“I go to the client every day, I see that something is not right, then they (PC) can say, “We’ll wait for the rest of the week, keep an eye out”. In some cases you have to give in, but if you see that there is something special that is very untypical, then I say no, we will not wait. And then they come. So you have to be able to stand your ground in this job. Sometimes they (PC) say “No, but it’s probably not that bad”. But it is…. I wish they would listen from the beginning and acknowledge that you meet the clients every day and you can see if there is anything strange”. (Nurse Assistant, Interviewee 8)

Facilitator: increased competence with training and support from primary care

Participants proposed a collaborative work approach between HCWs and PC staff where they receive guidance or internal training from PC nurses on how to manage challenging situations. They believed that this approach not only can prevent ED visits but also create a holistic view of older individuals’ situation in home and facilitate teamwork between the different care organisations. One HCW described it like this:

“I think it’s the nurses (in PC) who should provide training. It is quite important to know what to do in different situations. How do you proceed if someone suddenly lies on the floor lifeless? I think many individuals can get very scared and panic…” (Nurse Assistant, Interviewee 10).

Although all participants had experience working with older people, they stressed the urgent need for improved medical knowledge among the entire HCW organisation and its staff. Some participants stated that this is particularly important as medical needs among older home-dwelling individuals have increased, and as it is difficult to separate an individual’s medical needs from regular social care. HCWs work with many inexperienced colleagues who lack basic medical knowledge. Consequently, these colleagues have difficulty preventing ED visits, initiating necessary visits and distinguishing between the two. Participants recall several incidents where clients should have been admitted to the ED but were denied by colleagues lacking competence. Conversely, there were cases where an ED visit could easily have been avoided if appropriate measures had been taken, such as in case of dehydration or hypoglycemia. One example from a HCW reads as follows:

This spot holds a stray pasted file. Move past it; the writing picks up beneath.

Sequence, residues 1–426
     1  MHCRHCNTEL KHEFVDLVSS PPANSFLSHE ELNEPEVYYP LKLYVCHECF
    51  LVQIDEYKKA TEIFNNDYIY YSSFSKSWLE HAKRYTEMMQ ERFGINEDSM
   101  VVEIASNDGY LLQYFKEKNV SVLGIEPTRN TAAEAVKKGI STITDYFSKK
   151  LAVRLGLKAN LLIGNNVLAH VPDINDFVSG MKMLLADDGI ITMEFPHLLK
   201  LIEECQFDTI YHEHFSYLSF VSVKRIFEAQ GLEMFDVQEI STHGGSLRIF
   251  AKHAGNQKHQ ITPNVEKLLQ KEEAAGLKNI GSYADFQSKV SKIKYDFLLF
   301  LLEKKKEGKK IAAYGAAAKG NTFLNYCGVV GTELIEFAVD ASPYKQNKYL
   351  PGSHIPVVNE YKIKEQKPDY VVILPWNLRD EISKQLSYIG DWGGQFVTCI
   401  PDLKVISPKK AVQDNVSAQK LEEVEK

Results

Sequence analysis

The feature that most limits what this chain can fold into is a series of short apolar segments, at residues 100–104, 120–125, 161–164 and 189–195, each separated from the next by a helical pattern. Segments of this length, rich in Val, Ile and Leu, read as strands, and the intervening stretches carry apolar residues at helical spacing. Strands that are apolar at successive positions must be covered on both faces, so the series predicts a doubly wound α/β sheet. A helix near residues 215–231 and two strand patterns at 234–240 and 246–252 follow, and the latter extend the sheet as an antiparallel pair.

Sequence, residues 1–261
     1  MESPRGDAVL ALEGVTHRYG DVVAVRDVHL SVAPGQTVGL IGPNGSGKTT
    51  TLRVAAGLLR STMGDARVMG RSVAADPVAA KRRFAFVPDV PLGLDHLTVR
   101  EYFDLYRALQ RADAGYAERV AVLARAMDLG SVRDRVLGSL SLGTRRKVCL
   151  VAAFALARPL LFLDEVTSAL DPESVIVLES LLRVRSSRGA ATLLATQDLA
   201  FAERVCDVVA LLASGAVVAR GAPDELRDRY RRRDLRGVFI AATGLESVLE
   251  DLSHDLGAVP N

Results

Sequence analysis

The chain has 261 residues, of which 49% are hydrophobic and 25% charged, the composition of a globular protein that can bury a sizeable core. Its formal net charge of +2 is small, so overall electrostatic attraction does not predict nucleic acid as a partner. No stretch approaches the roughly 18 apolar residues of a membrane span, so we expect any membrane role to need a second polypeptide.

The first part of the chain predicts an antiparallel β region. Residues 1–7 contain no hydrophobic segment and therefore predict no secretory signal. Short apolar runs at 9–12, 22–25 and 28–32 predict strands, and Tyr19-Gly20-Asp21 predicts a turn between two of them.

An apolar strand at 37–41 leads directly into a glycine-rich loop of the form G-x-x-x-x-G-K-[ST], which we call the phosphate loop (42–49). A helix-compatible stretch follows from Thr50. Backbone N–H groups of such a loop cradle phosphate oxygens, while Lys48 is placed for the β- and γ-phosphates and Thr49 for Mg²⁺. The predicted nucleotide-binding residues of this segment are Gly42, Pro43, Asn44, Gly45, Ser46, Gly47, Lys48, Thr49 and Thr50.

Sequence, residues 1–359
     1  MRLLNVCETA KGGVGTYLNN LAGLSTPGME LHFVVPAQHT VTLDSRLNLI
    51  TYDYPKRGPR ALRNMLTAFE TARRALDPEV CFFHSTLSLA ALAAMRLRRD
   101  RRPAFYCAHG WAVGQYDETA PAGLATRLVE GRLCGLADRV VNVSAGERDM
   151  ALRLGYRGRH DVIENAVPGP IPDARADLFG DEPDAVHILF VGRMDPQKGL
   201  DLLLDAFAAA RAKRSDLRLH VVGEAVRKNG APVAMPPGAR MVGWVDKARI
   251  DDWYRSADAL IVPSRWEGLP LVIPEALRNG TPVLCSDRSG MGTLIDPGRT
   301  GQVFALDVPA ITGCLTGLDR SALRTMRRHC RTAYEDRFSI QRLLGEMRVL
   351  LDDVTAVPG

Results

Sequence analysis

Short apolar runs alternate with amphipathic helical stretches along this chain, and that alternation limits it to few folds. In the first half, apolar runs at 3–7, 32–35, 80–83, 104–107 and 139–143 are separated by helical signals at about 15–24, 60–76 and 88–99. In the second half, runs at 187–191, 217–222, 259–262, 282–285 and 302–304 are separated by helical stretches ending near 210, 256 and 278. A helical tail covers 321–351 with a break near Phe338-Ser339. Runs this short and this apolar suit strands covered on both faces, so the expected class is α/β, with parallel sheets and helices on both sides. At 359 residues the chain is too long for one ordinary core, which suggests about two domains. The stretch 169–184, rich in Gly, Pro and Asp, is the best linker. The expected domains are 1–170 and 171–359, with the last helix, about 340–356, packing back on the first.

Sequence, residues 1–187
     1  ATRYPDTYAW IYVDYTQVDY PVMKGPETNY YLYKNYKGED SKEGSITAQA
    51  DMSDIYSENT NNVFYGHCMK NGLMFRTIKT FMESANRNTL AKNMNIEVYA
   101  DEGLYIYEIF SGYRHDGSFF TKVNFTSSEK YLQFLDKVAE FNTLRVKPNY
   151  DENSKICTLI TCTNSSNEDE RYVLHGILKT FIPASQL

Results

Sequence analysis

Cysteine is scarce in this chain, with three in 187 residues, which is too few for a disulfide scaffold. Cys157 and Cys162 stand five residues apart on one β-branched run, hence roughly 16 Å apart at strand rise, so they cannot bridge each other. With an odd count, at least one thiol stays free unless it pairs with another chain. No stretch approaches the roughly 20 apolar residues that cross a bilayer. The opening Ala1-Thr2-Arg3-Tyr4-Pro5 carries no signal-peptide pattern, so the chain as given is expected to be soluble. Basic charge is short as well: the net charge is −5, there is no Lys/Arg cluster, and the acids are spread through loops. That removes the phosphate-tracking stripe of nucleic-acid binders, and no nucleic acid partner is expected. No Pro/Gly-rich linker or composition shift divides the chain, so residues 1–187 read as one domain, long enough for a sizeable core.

“Well, I won’t say unnecessary visit for the client, but sometimes I can think like this and it can depend a lot on us in the staff when clients perhaps in the summer are forced to seek emergency care because they are dehydrated. This is really something that we in the staff could have avoided”. (Nurse Assistant, Interviewee 10)


Feelings of insecurity and anxiety among older home-dwelling individuals

Barrier: emergency department visits not always initiated for medical reasons

Compared to one decade ago, participants experienced that frailty among older homecare clients has increased, and that clients suffer from a higher number of multiple long-term conditions including mental illness. Participants stated that anxiety is a major reason why their clients visit the ED. In these cases, the clients often call for an ambulance themselves. HCWs reflected that clients who frequently attend the ED due to anxiety rarely receive any help and are often sent home the same day, perpetuating a vicious cycle where anxiety often increases and causes further ED visits. Participants believed that there are insufficient resources to address older individual’s anxiety. A HCW described this vicious cycle as follows:

“The client herself has called an ambulance, even though she might not really have needed it; she might just have needed someone to come and talk to her, someone who knows her problems. But instead she has gone to the emergency room and they send her home immediately. She continues as usual and a few days go by and then she calls again and goes to the emergency room”. (Nurse Assistant, Interviewee 9)

HCWs reported that they were unaware of services that may assist clients in these situations, aside from calling the clinic for psychiatric emergency care. However, clients rarely reach out to them directly, perhaps because they are unaware of their own anxiety. Instead, anxious clients may suspect that their chest pain or heart palpitations have somatic reasons. HCWs observed that PC mainly offers drug treatment against anxiety but lacks resources to provide other help such as counselling support. Consequently, participants´ attempts to arrange psychological help within PC are often fruitless. An example of this is described by an HCW: